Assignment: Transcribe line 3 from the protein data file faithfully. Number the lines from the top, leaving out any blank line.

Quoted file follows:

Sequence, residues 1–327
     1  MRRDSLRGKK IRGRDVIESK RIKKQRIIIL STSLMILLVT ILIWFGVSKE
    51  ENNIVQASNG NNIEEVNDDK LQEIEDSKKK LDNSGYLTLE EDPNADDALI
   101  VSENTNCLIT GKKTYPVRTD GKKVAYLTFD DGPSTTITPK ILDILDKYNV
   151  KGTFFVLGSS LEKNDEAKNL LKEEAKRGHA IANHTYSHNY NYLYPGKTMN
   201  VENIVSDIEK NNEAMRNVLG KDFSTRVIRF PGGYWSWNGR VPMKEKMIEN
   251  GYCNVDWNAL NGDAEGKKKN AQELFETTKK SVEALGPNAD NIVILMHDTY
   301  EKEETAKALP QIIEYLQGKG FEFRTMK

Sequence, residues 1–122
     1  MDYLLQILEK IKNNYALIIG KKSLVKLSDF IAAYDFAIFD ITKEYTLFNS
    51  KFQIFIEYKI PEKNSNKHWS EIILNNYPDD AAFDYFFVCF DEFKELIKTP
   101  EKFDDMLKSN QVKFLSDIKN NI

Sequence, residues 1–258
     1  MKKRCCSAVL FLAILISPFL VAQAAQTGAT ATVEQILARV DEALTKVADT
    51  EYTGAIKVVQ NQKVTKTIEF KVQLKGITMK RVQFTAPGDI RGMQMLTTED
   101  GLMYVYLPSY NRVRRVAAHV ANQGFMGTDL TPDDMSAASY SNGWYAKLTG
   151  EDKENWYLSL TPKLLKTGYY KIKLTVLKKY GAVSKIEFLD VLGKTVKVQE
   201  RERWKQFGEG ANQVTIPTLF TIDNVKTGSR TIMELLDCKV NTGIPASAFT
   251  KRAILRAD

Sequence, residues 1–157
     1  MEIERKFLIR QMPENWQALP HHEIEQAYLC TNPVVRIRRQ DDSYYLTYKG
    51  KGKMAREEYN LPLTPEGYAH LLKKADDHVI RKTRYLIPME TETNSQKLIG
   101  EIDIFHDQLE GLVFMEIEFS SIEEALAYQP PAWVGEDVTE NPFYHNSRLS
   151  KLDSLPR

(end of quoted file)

    51  ENNIVQASNG NNIEEVNDDK LQEIEDSKKK LDNSGYLTLE EDPNADDALI